Perfect for enjoying over the Christmas break

Porchetta – an Italian classic and perfect for enjoying over the Christmas break.

PREP TIME: 10 mins + one overnight in the fridge
3 – 4 hrs slow cooking
one-pot meal, family, crowd-pleaser, picnics

WINE MATCH: Suzie (Michael Sutton’s Cellar) has a white and red suggestion for the porchetta. If you’re feeling like a crisp Italian white, then try the Lenotti (approx. £12) with floral & fruity aromas that will match well with the herbs in the porchetta.

Fancy a red, check out the Chianti Classico Retromarcia with its ripe succulent cherry flavours.

Christmas ham or porchetta?

I’d do both if you have a big crowd coming over for the Christmas break.

However, if you fancy something a little different, then porchetta is great for friends and family to enjoy.

You can have it hot or cold but I’d recommend cooking it and leaving it to cool.

Then have some fresh buns in the house and people can slice a piece of porchetta and have it in a bun.

It’s the perfect food to have for everyone to help themselves during the break when you’re focussing on the main event.

Or for a Boxing Day easy meal.

Do I have to learn how to butcher and tie it up

The short answer is, no.

You can go to a good butcher (or find a good one online) to buy one already trimmed and tied up with the delicious filings.

Or you can buy it unfilled and do that part yourself.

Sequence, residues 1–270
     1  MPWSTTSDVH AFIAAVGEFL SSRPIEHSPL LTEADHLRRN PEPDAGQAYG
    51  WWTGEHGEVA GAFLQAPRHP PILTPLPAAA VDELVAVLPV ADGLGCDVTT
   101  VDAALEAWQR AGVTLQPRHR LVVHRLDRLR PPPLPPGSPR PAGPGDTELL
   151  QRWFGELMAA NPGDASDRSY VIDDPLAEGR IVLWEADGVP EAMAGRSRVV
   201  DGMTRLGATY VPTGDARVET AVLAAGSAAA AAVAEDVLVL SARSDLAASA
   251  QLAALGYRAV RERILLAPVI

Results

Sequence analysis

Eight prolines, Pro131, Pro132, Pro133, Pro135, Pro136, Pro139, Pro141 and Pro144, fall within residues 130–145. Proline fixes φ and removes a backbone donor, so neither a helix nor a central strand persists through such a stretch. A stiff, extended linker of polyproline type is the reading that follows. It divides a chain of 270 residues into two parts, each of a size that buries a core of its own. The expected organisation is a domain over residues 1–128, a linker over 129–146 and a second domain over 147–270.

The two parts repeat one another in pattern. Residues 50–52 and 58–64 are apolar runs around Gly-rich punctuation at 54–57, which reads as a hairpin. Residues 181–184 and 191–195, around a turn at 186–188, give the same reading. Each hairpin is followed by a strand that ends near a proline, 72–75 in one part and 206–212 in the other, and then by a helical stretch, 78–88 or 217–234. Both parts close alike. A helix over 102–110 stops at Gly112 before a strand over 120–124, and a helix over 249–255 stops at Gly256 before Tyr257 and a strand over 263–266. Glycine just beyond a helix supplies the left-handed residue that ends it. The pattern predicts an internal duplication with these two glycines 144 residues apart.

I gave it a go and the trickiest part is the tying but I’ve added a link (below) to show you how if you’re keen to do it all yourself…

It’s quite fun and once you’ve done it, you leave it to cook so very hands-off from then on in.

Porchetta (pronounced por- ketta) – what is it?

It’s an Italian roast pork dish and literally means ‘little pig’.

In Italy, it’s meant to be a whole roasted suckling pig, cooked over a fire pit until beautifully tender.

But now, it usually refers to the pork belly and loin.

Traditionally, it’s flavoured with loads of fennel, rosemary and some chilli flakes.

Porchetta – an Italian classic but where does it originate?

It originated in the central region of Umbria which grows plenty of fennel, hence the stuffing flavours.

But can be found all throughout Italy, especially Lazio… which grows rosemary really well.

You can see the pattern here.

The porchetta cut

The cut used for porchetta is the belly with the ribs removed and attached to the loin.

It’s not a cut you’ll often find in the butchers but they will sort it for you if you ask.

Otherwise, lots of recipes use the rectangle boneless pork belly.

Or, if you want to go for it, buy the pork belly and a pork loin (which you roll up into the pork belly)

Fennel pollen vs fennel seeds

I’ll be honest, I’d never heard of fennel pollen.

But I’ve always been a huge fan of fennel seeds and pork together.

But there is a difference.

So it’s good to know what’s what, as you may see fennel pollen mentioned in varying porchetta recipes.

The fennel plant

And the mighty liquorice-flavoured fennel plant is one of a handful of plants that produce both a herb and a spice.

What sets fennel pollen apart; fennel pollen…

  • are the tiny dry heads of the wild fennel flower.
  • have a sweeter, more intense taste so you only need a small amount of fennel pollen compared to fennel seeds.
  • is one of the world’s most expensive spices because it’s labour-intensive to harvest – a bit like saffron.

If you don’t have fennel pollen (/it’s expensive), you can toast fennel seeds lightly, then grind them to a powder (sift the bigger bits out of you want) and use them as a substitute.

(Want more info on other spices? Check out my essential guide to spices & pairing with food, here)

Prepping porchetta the day before